ArianeGroup and its Arianespace subsidiary have announced an order for 10 Ariane 5 ECA launchers. The 10 launch vehicles covered by this “PC batch” will be deployed from the Guiana Space Center beginning in 2020, coming after the launches of 18 Ariane 5s ordered in 2013 (in the “PB+ batch”). This production order represents a total value of more than one billion euros for the European space industry, involving more than 600 companies in 12 European countries* – including 350 small and medium-sized enterprises.
KOUROU, French Guiana (ESA PR) — The first full-scale model of the rocket motor that will propel Ariane 6 and Vega-C into orbit has been cast and filled with inert propellant for testing at Europe’s Spaceport in French Guiana.
The P120C is the largest solid-propellant rocket motor ever built in one segment.
PARIS, 15 September 2017 (ESA PR) — Four of the latest set of Galileo navigation satellites will be launched on Ariane 6 rockets – ESA’s first contract to use Europe’s new vehicle.
The launches are scheduled between the end of 2020 and mid-2021, using two Ariane 62 rockets – the configuration of Europe’s next-generation launch vehicle that is best suited to haul the two 750 kg navigation satellites into their orbits at 23 222 km altitude.
Avio reports it has completed operational tests for the first P120C sold rocket motor booster casing, which will be used on the new Ariane 6 and Vega C launch vehicles.
“The mechanical tests were carried out using a platform specifically designed and built to simulate the actual conditions of a space launch: pressurization inside the combustion chamber, engine thrust and mechanical loads resulting from the launcher’s operational phases,” the Italian company said in a press release.
“The technological casing, equipped and complete with instrumentation, was subjected to a test cycle up to the maximum engine operating pressure as well as a series of axial load cycles, which demonstrated that the prototype fully corresponded to engineering predictions for its mechanical behaviour,” the company added.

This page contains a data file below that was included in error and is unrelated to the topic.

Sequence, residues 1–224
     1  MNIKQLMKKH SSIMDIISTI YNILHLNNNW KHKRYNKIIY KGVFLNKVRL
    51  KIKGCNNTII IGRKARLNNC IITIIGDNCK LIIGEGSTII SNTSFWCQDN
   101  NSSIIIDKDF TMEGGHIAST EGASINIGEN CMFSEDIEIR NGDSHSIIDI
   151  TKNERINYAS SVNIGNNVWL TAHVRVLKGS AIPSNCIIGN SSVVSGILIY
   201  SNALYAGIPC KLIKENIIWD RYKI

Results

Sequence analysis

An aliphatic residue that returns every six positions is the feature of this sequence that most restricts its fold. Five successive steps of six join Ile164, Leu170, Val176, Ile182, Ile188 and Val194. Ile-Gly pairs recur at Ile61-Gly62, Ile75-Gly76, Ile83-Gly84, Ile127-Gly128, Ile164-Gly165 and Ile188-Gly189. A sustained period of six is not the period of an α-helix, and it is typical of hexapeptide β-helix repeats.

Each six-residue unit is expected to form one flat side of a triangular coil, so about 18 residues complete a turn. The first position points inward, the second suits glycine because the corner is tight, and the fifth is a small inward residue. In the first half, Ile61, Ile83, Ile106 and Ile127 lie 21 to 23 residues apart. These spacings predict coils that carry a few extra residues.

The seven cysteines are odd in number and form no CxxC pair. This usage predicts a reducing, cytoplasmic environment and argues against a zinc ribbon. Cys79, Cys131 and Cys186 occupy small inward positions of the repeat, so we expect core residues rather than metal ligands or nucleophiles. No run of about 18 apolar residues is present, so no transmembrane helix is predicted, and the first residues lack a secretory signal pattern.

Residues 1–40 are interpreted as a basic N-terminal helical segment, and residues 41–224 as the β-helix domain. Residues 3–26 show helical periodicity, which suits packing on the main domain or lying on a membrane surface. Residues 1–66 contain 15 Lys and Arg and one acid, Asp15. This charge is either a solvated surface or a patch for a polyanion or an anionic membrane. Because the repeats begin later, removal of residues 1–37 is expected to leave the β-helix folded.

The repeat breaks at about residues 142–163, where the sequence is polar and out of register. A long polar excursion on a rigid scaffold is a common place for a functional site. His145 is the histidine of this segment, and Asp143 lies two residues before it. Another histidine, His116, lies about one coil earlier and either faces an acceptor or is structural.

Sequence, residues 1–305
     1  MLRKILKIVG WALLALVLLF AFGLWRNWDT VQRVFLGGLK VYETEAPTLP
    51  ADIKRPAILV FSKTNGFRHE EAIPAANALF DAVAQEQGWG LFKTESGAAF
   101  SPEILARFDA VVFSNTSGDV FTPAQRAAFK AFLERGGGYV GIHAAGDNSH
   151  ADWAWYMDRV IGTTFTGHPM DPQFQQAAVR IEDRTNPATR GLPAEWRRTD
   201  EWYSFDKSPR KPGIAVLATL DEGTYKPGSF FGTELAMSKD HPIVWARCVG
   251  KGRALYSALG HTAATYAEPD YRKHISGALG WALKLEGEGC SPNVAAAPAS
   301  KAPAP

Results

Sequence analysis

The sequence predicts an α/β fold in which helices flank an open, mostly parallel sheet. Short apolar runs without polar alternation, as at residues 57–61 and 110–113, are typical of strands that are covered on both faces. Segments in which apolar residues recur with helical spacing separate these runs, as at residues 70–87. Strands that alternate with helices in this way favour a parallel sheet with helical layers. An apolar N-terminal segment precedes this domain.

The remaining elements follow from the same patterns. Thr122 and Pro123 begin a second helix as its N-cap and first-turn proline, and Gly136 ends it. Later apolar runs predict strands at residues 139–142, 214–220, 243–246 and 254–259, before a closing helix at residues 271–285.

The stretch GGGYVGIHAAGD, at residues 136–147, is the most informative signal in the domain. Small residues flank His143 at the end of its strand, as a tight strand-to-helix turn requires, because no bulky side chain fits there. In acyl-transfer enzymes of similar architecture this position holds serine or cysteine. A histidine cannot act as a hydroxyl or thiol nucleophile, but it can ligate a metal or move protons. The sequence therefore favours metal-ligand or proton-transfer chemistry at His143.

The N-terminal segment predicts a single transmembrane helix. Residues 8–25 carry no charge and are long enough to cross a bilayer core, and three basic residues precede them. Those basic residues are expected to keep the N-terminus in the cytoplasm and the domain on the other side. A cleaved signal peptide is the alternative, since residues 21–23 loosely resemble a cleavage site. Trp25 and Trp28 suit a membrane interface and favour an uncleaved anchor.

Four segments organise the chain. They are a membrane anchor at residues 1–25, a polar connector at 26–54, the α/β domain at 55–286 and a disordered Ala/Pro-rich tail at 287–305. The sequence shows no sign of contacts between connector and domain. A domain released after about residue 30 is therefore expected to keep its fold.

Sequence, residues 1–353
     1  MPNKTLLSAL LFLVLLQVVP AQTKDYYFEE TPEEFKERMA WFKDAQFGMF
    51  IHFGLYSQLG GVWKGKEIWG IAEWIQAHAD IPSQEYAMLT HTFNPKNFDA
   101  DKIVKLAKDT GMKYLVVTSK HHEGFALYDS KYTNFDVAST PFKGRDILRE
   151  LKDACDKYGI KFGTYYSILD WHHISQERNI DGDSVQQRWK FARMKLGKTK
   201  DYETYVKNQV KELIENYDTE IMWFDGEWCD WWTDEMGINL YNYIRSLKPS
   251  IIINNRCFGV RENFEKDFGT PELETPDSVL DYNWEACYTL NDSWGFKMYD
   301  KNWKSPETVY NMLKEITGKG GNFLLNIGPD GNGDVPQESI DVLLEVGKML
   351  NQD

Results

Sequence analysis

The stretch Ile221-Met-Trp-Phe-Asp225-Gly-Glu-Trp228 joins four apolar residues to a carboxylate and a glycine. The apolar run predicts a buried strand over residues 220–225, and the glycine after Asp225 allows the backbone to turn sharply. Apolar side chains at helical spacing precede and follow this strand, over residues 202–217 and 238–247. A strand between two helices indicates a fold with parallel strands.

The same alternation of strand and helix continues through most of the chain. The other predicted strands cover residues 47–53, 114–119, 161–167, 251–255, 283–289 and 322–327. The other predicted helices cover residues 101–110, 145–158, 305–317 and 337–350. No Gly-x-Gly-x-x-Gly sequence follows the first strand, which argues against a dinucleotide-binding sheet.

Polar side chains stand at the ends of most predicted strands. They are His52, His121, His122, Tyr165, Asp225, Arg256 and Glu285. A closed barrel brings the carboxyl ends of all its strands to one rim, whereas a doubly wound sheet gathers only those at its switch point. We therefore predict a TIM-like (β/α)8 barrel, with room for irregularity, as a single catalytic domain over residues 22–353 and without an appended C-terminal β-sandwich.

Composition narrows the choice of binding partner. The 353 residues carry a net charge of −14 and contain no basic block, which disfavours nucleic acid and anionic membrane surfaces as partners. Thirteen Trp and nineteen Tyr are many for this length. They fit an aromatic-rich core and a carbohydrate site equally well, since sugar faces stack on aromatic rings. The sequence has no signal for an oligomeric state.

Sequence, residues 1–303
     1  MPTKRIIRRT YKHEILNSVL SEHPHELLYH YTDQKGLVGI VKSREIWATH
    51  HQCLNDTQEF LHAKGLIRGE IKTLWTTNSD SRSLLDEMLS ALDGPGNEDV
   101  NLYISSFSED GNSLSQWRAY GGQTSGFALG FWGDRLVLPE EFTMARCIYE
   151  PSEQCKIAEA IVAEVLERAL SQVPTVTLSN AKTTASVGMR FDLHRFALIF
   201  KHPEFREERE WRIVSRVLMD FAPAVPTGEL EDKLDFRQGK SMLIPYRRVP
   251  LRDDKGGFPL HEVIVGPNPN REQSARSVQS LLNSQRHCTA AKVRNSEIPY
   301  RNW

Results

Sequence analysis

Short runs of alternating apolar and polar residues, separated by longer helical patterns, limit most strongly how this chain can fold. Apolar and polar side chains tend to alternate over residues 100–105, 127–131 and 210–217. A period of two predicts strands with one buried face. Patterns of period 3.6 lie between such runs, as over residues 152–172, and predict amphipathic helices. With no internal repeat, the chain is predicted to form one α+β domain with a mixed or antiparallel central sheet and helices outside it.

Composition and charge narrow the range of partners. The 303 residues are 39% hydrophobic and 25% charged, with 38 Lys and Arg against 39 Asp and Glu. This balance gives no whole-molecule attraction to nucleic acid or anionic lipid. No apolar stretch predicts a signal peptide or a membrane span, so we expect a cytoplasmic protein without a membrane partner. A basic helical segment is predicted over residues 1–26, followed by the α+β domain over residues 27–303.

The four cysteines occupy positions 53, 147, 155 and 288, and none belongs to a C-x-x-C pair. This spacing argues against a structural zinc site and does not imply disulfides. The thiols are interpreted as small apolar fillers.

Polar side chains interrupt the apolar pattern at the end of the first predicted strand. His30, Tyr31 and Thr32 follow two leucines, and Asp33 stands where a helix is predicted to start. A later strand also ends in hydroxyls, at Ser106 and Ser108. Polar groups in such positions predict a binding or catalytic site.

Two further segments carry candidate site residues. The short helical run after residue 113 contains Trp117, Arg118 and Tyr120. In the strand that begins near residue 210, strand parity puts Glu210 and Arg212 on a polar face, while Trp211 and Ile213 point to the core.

Vega C is set for its first launch in 2019. Ariane 6 is scheduled for the following year.
The “Maturity Gate 6.1” industrialization review was held March 27 to April 20, 2017, among Airbus Safran Launchers, its industrial partners and independent experts
Based on the positive outcome of this review, production of the Ariane 6 ground qualification models has been green-lighted
The first flight of Ariane 6 is scheduled 2020
TOULOUSE, France (Airbus Safran Launchers PR) — With “Maturity Gate 6.1”, Airbus Safran Launchers and its industrial partners have passed a major milestone in the development of Ariane 6, under contract with the European Space Agency (ESA).
The review confirmed that the maturity of the industrialization of Ariane 6 is sufficient to begin production of the ground qualification models for the future European launcher, in accordance with the objectives of the program.
PARIS (Arianespace PR) — Arianespace shareholders voted unanimously to convert the launch operator and subsidiary of Airbus Safran Launchers to an SAS (simplified joint-stock company) at the company’s Annual General Meeting, held in Paris on Monday, March 27.
The modification aims to streamline and modernize Arianespace’s governance to achieve greater responsiveness, facilitate relationships with industrial prime contractors, and be coherent with the new shareholder structure of Arianespace Participation.
As it ramps up development of the Ariane 6, Airbus Safran Launchers is looking for a guarantee from European governmental bodies to order a set number of flights per year.